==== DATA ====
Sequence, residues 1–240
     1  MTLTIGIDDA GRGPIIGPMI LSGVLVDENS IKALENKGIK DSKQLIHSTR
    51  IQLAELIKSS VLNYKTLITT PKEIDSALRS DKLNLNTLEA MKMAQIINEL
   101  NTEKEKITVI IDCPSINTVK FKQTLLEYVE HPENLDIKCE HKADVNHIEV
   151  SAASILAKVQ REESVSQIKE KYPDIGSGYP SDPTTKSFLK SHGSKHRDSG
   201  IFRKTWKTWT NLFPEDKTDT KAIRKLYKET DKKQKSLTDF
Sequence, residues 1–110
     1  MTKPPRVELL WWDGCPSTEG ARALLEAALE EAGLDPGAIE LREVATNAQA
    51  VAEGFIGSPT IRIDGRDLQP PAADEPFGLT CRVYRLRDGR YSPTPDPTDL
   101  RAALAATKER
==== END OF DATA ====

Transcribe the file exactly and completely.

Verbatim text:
Sequence, residues 1–240
     1  MTLTIGIDDA GRGPIIGPMI LSGVLVDENS IKALENKGIK DSKQLIHSTR
    51  IQLAELIKSS VLNYKTLITT PKEIDSALRS DKLNLNTLEA MKMAQIINEL
   101  NTEKEKITVI IDCPSINTVK FKQTLLEYVE HPENLDIKCE HKADVNHIEV
   151  SAASILAKVQ REESVSQIKE KYPDIGSGYP SDPTTKSFLK SHGSKHRDSG
   201  IFRKTWKTWT NLFPEDKTDT KAIRKLYKET DKKQKSLTDF
Sequence, residues 1–110
     1  MTKPPRVELL WWDGCPSTEG ARALLEAALE EAGLDPGAIE LREVATNAQA
    51  VAEGFIGSPT IRIDGRDLQP PAADEPFGLT CRVYRLRDGR YSPTPDPTDL
   101  RAALAATKER